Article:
Opera Review: Turandot/ Opera Australia/ Handa Opera On Sydney Harbour

Dragana Radakovic (Turandot) and Riccardo Massi (Calàf) in Handa Opera on Sydney Harbour — Turandot
Dragana Radakovic (Turandot) and Riccardo Massi (Calàf) in Handa Opera on Sydney Harbour — Turandot

Superlative singing, sensitive staging and exquisite styling infused with the themes of Imperial China have made Turandot on Sydney Harbour arguably the most enjoyable of the productions to date.

The co-production between Opera Australia and Handa Opera on Sydney Harbour (HOSH) opened in Sydney last week under crystal clear skies and temperate breezes. (The first dress rehearsal was a rain-sodden affair. Kudos to the team for battling through).

Turandot  was Puccini’s final work, based on a fiaba (fairy tale) by the Italian 18th century playwright, Carlo Gozzi. Puccini died in November  1924, leaving the opera to be completed by composer and pianist Franco Alfani. The final composite premiered in 1926 at La Scala, conducted by Toscanini.

For HOSH 2016, the performances from the principals were outstanding. Riccardo Massi gave a towering (pardon the pun) performance as Calaf. His voice is too fine to be amplified, yet in the open-air context requires enhancement. Despite the lack of intimacy in the venue he conveyed deep and changing emotions, especially palpable during in the riddle scene, as first perplexity, then hopelessness and finally triumph crossed his face, working through Turandot’s punishing challenges. One has to feel some sympathy for him as his moment of glory at the end of Nessun dorma was upstaged by the obligatory fireworks display – even if fireworks were invented in China. Calaf’s other aria Non piangere Liù though only slightly less heroic and passionate, is unfairly eclipsed by its more showy stablemates. It is another opportunity for the tenor to shine and Massi’s rendition was poignant and powerful.

Dragana Radakovic as Turandot was the personification of touch-me-not frigidity. A fine powerhouse dramatic soprano she beautifully portrayed the metamorphosis of the ice princess from rage and bitterness in In questa reggio to trepidation and vulnerability as Calaf’s kiss in the well-matched final love duet, Pincipessa di morte, awakened more visceral sensations. (Incidentally  this is the point at which Franco Alfano’s completion of the opera kicks after Puccini’s untimely death).

Hyeseoung Kwon brings a wealth of experience to her captive and captivating role as Liù, losing nothing of the freshness, the pathos  and  the steely determination born of her love for Calaf. Her voice was overamplified but this is a part she has truly made her own.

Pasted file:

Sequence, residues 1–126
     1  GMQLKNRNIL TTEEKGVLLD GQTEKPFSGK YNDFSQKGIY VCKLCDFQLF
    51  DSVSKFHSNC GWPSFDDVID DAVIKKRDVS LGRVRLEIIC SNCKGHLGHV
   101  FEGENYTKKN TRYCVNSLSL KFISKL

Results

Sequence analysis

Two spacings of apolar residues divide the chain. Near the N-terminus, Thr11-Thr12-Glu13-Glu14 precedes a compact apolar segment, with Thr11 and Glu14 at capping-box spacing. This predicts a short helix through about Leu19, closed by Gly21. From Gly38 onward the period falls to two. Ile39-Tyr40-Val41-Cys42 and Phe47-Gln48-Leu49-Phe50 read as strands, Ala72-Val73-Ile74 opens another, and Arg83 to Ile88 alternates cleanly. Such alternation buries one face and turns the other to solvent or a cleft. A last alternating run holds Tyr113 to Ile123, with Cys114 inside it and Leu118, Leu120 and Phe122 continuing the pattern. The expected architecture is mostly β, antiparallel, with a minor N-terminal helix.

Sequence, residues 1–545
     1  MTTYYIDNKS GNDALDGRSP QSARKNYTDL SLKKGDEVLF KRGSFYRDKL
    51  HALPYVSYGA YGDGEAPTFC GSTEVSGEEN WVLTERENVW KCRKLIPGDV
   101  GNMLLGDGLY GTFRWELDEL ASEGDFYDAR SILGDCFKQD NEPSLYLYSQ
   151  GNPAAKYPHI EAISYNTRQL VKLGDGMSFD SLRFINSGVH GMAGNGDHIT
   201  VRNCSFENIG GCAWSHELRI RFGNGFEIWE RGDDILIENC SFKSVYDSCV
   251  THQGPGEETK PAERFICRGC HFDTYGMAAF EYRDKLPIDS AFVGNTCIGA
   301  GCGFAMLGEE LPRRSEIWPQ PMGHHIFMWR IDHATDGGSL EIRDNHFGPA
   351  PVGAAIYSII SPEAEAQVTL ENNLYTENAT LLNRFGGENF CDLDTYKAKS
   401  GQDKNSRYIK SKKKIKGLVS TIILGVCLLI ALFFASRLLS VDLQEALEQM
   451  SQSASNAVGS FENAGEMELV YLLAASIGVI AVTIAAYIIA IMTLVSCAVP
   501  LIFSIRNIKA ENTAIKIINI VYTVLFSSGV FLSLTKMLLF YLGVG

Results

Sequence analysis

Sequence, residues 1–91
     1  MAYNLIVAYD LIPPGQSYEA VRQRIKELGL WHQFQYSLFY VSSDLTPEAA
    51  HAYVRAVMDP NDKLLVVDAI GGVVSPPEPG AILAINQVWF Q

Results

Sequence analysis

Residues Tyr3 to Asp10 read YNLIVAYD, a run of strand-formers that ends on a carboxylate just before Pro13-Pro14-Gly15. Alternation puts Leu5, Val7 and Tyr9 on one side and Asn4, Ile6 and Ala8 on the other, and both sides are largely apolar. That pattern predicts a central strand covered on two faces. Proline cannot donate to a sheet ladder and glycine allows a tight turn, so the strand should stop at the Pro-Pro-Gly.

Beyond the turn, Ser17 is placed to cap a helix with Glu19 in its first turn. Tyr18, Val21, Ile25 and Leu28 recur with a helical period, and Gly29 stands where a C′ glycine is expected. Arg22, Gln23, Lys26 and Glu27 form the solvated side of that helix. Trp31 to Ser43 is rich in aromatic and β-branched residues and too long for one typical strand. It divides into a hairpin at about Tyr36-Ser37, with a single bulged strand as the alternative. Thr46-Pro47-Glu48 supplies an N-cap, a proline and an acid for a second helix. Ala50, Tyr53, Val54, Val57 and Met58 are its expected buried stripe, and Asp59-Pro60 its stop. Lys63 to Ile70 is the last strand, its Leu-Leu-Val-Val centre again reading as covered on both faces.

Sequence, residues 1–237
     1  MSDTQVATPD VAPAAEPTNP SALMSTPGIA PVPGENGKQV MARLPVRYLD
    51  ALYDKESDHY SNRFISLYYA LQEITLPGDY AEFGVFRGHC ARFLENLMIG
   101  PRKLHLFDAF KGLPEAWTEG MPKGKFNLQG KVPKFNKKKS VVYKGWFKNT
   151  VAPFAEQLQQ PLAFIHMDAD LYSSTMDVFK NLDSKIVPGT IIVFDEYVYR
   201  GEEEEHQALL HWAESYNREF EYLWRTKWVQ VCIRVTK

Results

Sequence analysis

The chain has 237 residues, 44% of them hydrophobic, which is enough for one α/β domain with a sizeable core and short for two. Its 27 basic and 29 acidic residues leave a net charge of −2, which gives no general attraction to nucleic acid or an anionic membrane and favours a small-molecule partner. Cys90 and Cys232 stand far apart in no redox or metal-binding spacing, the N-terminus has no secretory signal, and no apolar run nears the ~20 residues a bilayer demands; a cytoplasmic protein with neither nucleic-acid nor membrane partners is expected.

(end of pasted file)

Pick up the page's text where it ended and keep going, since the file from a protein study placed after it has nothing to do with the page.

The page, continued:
The three masks, Ping, Pang and Pong, were eventually included in the opera by Puccini after an initial plan to omit them, saying ” by retaining them with discretion we ….have an Italian element which, in the midst of so much Chinese mannerism … would introduce a touch of our life and, above all, of sincerity”. Luke Gabbedy as Ping, Benjamin Rasheed as Pang and John Longmuir as Pong proved adept at their roles, providing an important commentary and a glimpse of Puccini’s ‘sincerity’ as they dream of simpler lives. They effectively propel the narrative with their macabre clowning and impeccable timing.

Underpinning these stellar performances were the elegant designs by Dan Potra, lighting by Scott Zielinski, and Chen Shi – Zheng’s graceful choreography and overall direction. The stage was dominated by the horizontal lines of the monumental dragon and its body on one side and the vertiginous, sky-skimming pagoda, its counterfoil across the stage. Yet, this production was characterised by a sense of proportion. There was an integrity in the aesthetic. There were no kooky costumes, the stage was uncluttered; the choreography and costumes felt real, affirming Chen Shi-Zheng’s programme notes that “the use of Chinese elements, visual vocabulary and dance movements….give this production as sense of authenticity and weight…”. There was an ingenious use of the pagoda and the dragon’s tail to project exquisite images that underscored the drama.

The Australian Opera Chorus was, as always, versatile and supportive. They sang an especially beautifully floated chant Là, sui monti dell’est replacing the customary children’s chorus. Conductor Brian Castles-Onion who will conduct every performance this year, (and has done since the inception of HOSH) drew together the many reins of the live performance, setting a pace with the marvellous musicians of the Australian Opera and Ballet Orchestra, that was relatively fast but not rushed.

Turandot is a deeply engaging tale made all the more appealing by Puccini’s enchanting score and divine lyricism which exudes passion and poignancy without mawkishness. Innovative and exotic, it incorporates Chinese folk tunes, modes, the pentatonic scale and other diversions from Western harmonic practices, for example spotlighting the xylophone, which all contribute to the charisma of his swansong.

Chen Shi-Zheng, his cast and creatives have created a beautiful product, but be prepared for the heavy editing, amplification and the possibility that the bells and whistles might just out-dazzle the singers.

Shamistha de Soysa for SoundsLikeSydney©

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